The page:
If you've ever had food poisoning, you know that the offending food is generally more than ready to escape back out of your stomach. But a new study shows that sometimes food makes us sick because it just won't let go of our gut.
Many instances of food poisoning happen when bacteria that ride in on contaminated food trigger a feverish immune response. In the case of beans and grains, however, simply being undercooked can cause nausea and vomiting. But why? A team led by cell biologist Paul McNeil of the Medical College of Georgia, have discovered the reason: Certain vegetable proteins are the culprit.
The proteins, called lectins, can bind tightly to certain spots on our gut cells. This, the researchers found, prevents the cells from repairing themselves after an injury -- an important process for gut cells, because they're exposed to all manner of food particles in the harsh stomach environment and need constantly to send out new pieces of cell membrane or extra layers of mucus.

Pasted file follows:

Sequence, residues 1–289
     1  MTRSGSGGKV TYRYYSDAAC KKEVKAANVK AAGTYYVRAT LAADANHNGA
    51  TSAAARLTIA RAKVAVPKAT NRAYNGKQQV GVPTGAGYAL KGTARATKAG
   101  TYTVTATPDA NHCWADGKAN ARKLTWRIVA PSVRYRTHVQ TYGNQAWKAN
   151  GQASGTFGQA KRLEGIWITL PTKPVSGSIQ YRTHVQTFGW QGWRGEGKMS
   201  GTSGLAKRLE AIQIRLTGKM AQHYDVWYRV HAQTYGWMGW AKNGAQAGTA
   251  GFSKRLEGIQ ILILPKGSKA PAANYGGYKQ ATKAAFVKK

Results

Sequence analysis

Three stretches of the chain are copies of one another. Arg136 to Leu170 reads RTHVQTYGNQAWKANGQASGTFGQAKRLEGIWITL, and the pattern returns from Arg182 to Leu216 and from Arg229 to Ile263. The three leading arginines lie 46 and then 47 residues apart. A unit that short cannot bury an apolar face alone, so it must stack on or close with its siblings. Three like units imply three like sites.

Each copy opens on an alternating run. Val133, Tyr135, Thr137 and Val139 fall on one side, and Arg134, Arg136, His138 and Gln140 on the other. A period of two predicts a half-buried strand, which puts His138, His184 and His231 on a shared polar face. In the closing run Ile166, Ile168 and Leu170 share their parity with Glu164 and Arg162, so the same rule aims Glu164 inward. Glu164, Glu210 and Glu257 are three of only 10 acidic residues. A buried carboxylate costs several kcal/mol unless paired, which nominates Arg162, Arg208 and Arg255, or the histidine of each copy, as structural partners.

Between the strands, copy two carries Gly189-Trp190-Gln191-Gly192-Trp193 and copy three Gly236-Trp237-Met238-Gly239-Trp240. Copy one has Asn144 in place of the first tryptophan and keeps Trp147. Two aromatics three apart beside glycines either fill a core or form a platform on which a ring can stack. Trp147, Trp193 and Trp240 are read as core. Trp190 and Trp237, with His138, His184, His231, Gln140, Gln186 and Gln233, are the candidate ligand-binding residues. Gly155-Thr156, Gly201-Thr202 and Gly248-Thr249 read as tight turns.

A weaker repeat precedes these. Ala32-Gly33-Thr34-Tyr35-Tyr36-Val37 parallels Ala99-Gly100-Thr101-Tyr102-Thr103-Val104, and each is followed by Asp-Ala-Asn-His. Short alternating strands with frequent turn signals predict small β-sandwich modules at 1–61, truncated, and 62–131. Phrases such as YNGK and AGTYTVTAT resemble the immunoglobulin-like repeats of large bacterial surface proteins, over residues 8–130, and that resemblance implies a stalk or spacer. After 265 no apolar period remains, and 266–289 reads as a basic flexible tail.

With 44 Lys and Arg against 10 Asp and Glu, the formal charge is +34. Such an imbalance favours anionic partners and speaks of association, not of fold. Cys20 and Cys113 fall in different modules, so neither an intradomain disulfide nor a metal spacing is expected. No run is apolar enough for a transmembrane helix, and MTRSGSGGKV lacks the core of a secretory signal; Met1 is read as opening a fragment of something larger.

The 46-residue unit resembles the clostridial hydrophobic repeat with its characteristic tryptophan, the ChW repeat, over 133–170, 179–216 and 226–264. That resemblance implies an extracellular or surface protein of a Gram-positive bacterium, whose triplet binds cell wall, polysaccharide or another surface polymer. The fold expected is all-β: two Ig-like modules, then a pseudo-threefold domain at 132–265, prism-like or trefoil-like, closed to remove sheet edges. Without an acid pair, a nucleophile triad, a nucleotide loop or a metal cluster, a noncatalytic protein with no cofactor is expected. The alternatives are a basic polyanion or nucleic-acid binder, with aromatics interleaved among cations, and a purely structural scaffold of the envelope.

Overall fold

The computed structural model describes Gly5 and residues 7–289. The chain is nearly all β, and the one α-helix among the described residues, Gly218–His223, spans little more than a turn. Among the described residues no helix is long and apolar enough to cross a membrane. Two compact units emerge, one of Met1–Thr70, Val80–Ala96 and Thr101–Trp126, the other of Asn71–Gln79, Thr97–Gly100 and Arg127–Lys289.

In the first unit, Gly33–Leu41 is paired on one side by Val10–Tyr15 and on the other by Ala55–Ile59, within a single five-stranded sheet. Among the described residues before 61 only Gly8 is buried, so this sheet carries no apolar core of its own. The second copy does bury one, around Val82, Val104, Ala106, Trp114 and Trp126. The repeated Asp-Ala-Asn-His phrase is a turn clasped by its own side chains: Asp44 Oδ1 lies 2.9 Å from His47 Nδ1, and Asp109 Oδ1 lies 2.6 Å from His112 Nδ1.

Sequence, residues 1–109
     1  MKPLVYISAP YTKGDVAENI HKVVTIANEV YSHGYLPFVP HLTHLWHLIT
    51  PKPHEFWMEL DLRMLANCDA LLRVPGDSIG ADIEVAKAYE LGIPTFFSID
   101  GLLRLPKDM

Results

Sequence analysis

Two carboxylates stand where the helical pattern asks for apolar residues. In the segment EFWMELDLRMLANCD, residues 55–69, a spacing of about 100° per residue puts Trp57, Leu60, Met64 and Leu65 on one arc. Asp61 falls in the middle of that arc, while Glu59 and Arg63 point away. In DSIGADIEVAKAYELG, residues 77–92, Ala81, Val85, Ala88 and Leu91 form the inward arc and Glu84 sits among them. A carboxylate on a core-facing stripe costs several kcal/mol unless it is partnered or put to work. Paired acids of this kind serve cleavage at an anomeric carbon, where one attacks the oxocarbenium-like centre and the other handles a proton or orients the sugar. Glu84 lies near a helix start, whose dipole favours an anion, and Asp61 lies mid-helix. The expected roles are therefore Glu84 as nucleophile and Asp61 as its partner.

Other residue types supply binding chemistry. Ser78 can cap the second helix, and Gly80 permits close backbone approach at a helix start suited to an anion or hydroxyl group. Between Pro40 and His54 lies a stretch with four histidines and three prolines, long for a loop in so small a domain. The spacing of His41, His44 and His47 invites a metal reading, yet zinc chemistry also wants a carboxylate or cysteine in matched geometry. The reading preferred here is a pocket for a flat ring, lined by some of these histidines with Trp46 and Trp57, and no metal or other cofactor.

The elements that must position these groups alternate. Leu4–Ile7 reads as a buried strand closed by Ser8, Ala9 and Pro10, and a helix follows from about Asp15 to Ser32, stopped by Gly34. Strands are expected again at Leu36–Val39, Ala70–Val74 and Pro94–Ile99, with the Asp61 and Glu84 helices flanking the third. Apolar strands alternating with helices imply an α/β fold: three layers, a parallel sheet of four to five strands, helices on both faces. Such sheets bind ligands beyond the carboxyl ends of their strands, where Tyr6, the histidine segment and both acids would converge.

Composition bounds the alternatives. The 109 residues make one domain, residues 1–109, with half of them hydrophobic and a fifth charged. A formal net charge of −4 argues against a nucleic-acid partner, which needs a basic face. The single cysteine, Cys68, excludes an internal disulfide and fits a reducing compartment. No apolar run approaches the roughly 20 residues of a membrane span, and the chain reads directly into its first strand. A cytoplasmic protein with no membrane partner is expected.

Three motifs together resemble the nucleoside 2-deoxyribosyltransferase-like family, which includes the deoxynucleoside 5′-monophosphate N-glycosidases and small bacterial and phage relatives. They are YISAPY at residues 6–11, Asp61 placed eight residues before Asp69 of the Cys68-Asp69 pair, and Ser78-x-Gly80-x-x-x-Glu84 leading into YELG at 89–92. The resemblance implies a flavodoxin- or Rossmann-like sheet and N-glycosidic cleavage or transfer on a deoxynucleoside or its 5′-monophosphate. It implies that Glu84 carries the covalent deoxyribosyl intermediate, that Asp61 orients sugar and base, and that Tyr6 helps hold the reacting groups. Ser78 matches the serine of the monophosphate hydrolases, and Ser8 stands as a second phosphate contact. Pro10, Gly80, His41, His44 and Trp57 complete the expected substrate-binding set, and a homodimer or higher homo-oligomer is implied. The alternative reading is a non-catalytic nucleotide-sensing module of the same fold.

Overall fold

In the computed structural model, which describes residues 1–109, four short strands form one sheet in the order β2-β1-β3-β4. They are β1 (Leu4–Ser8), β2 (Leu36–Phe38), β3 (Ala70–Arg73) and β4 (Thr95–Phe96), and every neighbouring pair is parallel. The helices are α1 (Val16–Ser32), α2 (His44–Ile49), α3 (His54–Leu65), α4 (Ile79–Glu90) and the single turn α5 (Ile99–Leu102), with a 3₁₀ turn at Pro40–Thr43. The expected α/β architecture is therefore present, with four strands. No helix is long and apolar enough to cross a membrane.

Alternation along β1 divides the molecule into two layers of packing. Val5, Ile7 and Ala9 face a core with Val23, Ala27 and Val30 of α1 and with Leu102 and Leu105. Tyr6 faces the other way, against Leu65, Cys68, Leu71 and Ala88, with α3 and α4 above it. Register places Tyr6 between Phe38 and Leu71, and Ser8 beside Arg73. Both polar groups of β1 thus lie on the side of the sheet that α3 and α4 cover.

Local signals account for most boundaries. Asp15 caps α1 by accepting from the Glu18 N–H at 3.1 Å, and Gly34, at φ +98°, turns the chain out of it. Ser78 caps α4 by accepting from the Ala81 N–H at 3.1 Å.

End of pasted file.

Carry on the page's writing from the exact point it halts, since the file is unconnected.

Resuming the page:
In the presence of the lectins, the gut cells fail on both accounts. The researchers were even able to record movies of the failure after injuring dishes of mouse gut cells with lasers or a "sharp implement," as the study paper put it. When there were lectins around, the cells became pocked and leaky, allowing fluorescent dyes to seep into them.
Once the body senses that the gut cells can't repair themselves and are dying, it decides to jettison the whole noxious load -- in other words, to vomit. In a press release, McNeil points out that alcohol causes this same type of cell damage and response.
The study appears in the Aug. 1 issue of the journal PloS One, and was funded by NASA -- which may seem weird till you realize that gravity-free astronauts want to know all they can about how to keep their food down.
Read the whole article for free at the Public Library of Science:
Or simply watch the movies! (You'll find them in the "supporting information" link.)
-- Chelsea MartinezCopyright © 2014, Los Angeles Times